Anyone following Elvis’ career in the early 1970s will note the large number of live albums. Oh, there were studio albums too, even really good ones. But most of the studio albums came from just a few recording sessions, and some were bolstered with selected live material. This was the time of Elvis’ Vegas act. It’s worth putting that in more perspective though. The King hit it big in the 1950s, as the first rock and roll superstar. But as his star rose, and he started to get into the movies, he was drafted into the Army and spent a few years stationed in Germany before returning to a musical career. He recorded as soon as he got out of the Army, but attention soon shifted to the movies. He didn’t perform concerts. His albums were movie soundtracks, sometimes improbably including a good tune (“Viva Las Vegas”), but for the most part — Elvis openly admitted as much in his later years — they were terrible. But with his Hollywood career going strong, he was resting his voice. It did not suffer from years of hard touring. He also made no attempt to be relevant in the era of Beatlemania and the British Invasion. He suddenly came back with a late-60s TV special and his first new non-soundtrack album in what seemed like forever. And then he started a Vegas act. These career paths were unprecedented. There simply weren’t any rock superstars before Elvis, so no one knew what they would do as they got older. No rocker had ever made a “comeback” before. But he could do it in part because he semi-consciously took time off from a focus on music, and the lack of touring meant his voice was ready and waiting for the task. There also weren’t any rock and roll themed Vegas acts, which was given over largely to Rat Pack style crooners, Liberace-like spectacles, and non-musical acts, of course. The signature feature of Elvis’ show was that it became huge, in terms of having an enormous cast of musicians supporting him. He performed enormously complex arrangements of old hits and new songs. And he and manager Col. Tom Parker always seemed to find great songs to incorporate into the act that fit Elvis like a glove. The success of this style of show rested in large part on the tremendous amount of hard work that Elvis put into it. But keeping the show going, often with two shows a night, took a toll. Elvis notoriously had a growing drug dependency, one exacerbated by the pressures of the entertainment industry. Despite hugely successful stands at the International Hotel in Vegas, big shows at Madison Square Garden in New York City, and the first ever globally televised concert Aloha From Hawaii Via Satellite, by 1973 he was collapsing and being hospitalized as a result of his failing health.
So then we arrive in 1974, when Recorded Live on Stage in Memphis was recorded March 20th at the Midsouth Coliseum. In 2004 a reissue of this album presented the entire concert, but the original album featured only an abridged selection of material from the show. The entire show followed more or less the same familiar formula as nearly all of Elvis’ concerts and live albums of the previous few years: commencing with “Also Sprach Zarathustra” (known as the theme to 2001: A Space Odyssey), then right into “See See Rider”, with a medley of 50s hits in the middle and familiar tunes like “Polk Salad Annie,” “An American Trilogy,” “Funny How Time Slips Away,” and “Suspicious Minds” littered throughout. But what is most intriguing about this album is how it differs from the usual format of the previous few years. There is a big band, but not with an emphasis on a huge string orchestra. There are more intimate moments with Elvis singing just with a piano. He also does some gospel songs. Unlike most of Elvis’ live albums, the crowd is readily audible (though allegedly some audience noise is overdubbed). It does sound at times like the band, and Elvis, have tired some of playing the same songs yet again, the same way as always. But those concerns fade when listening to “Why Me Lord,” “How Great Thou Art” and “Help Me.” What is unfortunate is that there does not seem to be the same level of effort in expanding and evolving the act as there was a few years earlier. These are just minor adjustments meant to perpetuate the same successful formula.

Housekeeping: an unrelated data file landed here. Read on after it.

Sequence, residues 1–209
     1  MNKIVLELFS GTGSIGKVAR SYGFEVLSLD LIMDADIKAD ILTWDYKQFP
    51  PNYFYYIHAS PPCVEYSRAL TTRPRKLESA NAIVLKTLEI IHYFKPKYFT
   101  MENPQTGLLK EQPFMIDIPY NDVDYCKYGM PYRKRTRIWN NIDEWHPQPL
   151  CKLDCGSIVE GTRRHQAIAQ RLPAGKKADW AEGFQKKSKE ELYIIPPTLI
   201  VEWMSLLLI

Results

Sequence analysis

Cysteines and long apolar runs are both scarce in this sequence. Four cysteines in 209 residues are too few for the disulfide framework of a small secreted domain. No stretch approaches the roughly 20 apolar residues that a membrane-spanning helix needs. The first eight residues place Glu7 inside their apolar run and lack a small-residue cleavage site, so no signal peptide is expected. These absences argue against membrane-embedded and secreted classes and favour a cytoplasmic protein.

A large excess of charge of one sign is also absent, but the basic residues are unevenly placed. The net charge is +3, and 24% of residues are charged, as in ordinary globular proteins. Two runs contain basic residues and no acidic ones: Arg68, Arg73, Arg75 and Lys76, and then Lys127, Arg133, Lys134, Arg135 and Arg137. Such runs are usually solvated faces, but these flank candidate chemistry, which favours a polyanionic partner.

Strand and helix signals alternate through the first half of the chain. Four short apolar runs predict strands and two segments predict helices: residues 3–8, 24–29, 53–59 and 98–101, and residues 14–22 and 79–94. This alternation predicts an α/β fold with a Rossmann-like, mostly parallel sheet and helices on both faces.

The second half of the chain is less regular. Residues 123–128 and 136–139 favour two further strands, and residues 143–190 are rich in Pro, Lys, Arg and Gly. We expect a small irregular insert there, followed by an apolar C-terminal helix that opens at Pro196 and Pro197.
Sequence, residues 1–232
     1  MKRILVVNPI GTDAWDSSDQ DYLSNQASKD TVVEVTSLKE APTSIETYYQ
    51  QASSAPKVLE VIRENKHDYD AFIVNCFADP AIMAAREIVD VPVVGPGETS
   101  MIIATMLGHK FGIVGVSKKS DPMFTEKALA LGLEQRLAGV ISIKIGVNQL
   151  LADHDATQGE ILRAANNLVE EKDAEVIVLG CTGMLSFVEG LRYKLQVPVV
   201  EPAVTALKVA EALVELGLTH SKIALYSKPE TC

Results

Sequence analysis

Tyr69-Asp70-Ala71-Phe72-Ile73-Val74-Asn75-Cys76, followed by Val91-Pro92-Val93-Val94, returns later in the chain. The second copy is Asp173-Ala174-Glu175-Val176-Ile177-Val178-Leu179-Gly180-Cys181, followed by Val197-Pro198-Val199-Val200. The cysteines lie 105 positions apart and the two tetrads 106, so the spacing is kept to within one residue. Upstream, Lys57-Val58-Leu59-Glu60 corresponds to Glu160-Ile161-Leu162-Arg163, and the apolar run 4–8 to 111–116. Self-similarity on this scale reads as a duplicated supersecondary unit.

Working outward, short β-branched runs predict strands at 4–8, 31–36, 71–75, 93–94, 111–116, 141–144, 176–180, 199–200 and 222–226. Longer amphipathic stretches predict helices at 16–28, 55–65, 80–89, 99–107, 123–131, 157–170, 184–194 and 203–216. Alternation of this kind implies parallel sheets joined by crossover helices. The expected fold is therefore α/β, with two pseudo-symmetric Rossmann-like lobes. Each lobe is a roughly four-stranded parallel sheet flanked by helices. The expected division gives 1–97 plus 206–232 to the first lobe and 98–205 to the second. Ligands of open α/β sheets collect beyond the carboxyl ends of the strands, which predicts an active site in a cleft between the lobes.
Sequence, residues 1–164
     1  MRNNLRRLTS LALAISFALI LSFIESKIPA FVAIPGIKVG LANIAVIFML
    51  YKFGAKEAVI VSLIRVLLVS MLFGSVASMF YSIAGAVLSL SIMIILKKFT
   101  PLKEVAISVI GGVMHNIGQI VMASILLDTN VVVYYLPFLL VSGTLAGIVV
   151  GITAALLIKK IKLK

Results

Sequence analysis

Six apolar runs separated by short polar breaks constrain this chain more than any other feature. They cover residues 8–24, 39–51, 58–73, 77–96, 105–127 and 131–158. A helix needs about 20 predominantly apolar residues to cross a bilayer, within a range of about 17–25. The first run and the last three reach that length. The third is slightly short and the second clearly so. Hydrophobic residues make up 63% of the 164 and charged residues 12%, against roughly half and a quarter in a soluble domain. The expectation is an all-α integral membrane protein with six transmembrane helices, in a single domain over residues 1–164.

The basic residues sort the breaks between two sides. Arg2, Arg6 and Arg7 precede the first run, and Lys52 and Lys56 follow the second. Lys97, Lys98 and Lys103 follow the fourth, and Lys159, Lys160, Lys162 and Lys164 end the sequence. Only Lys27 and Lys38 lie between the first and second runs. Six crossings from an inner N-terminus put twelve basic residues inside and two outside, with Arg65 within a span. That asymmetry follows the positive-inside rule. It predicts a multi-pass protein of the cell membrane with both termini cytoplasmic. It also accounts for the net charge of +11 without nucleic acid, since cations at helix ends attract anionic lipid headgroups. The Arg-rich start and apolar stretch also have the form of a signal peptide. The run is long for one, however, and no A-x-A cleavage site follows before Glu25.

This isn’t the best of Elvis’ live albums of his musical comeback. It’s still a good one, with elements of widespread appeal. It is best admired by fans who have heard his other material of the era and want something more that sets off in a similar direction with a few tweaks and slightly different material. It’s too bad Elvis couldn’t just retreat back to the movies and then emerge in the late 70s/early 80s backed by a punk-like trio…oh, you know it might have worked! Even Bob Dylan almost went with it in the early 80s.